Widely considered Chinatown’s “living room,” Portsmouth Square is the focal point of the historic neighborhood. Around the block from its statues and plaques, a coalition of community stakeholders plans to make use of state funding for California’s Asian American and Pacific Islander (AAPI) community by establishing a new art and culture-focused center.
“Edge on the Square,” prominently located on the tourist-heavy corner of Grant Avenue and Clay Street, will eventually house multiple major Asian American community-based organizations that provide space for events and programs to revive the neighborhood. This Saturday, the site will play a major role in Neon Was Never Brighter, Chinatown’s first-ever contemporary art festival.
On Thursday afternoon, city leaders and Chinatown activists gathered to celebrate Edge on the Square’s birth, unveiling a mural on the building’s outside wall.
“What an incredible day to celebrate a brand new emergence of an important organization for the future of Chinatown,” said Stephen Gong, the board president of the newly-formed Chinatown Media & Arts Collaborative (CMAC), the entity that will operate Edge on the Square.
CMAC announced the purchase of the Grant Avenue building last July, using funds from the state’s historic $166 million budget outlay to the AAPI community, of which $26.5 million will be used for the Edge on the Square project. The building will go under major renovation before fully operational.
Phil Ting, the budget chair of the state Assembly, spearheaded the funding allocation and saw the importance of saving Chinatown from disappearance.
“We had to make sure that this was going to be preserved as our community for our history,” Ting said. “Coming from San Francisco, I’ll tell you, [Chinatown] is still the heartbeat of Asian America.”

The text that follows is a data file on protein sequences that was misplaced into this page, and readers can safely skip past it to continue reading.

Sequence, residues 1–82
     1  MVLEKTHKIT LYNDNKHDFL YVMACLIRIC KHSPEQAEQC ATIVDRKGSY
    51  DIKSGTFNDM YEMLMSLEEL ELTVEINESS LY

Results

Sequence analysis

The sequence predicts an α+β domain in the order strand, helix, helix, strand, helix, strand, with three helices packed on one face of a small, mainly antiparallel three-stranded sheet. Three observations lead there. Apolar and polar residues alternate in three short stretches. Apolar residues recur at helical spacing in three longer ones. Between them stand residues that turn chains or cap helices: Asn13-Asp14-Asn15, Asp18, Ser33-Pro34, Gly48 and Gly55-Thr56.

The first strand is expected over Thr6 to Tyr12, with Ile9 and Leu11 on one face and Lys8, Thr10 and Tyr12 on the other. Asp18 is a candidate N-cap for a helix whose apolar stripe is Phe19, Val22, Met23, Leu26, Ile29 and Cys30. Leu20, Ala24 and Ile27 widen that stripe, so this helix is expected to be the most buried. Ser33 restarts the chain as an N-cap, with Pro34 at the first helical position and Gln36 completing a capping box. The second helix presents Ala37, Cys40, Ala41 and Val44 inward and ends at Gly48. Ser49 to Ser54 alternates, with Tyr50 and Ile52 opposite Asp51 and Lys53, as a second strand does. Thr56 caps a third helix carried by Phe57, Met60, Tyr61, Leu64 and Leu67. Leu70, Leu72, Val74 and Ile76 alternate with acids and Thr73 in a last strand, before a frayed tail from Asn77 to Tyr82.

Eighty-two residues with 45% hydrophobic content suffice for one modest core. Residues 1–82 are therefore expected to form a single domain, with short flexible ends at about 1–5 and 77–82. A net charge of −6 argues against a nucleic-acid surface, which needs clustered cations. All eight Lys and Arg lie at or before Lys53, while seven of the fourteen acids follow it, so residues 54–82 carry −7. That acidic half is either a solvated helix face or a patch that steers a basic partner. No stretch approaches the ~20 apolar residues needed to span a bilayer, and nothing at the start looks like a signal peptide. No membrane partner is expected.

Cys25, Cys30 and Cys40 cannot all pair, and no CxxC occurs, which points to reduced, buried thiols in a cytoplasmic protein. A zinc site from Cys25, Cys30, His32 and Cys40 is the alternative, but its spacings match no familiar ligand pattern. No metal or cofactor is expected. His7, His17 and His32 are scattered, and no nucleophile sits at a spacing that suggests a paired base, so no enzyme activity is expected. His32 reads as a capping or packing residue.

City leaders join the Chinatown activists to celebrate the birth of “Edge on the Square.” | Han Li
The effort to build this project has been a five-year-long game starting in 2017, under Mayor Ed Lee’s administration. Evaluating sites throughout Chinatown, the community nonprofit coalition initially eyed 838 Grant Ave., the towering former site of the iconic Empress of China restaurant and now home to Empress by Boom. But they failed to reach an agreement with the building owner. Last year, Chinese American businessman and philanthropist Arthur Chan agreed to sell the property at 800 Grant Ave. to CMAC, signaling major progress for the community’s vision plan.
The city also contributed $1.35 million to support Edge on the Square. Mayor London Breed, who attended Thursday’s celebration, recognized the community’s effort of bringing the center to reality.
“We work together to ensure that this building was made available as a space to bring numerous organizations together,” Breed said, “to talk about the history, the culture of not just Chinatown in San Francisco, but the Chinese community and the significance of that.”
Mabel Teng, a former city supervisor and a Chinese immigrant, is the main organizer of the project. She has big hopes for the hub to not only become a new destination for Chinatown but also promote inclusivity among different communities.
“We are a strong voice for immigrants, a strong voice for new narrative,” Teng said. “And we want to spark conversation in this very safe place on matters that are important to us.”
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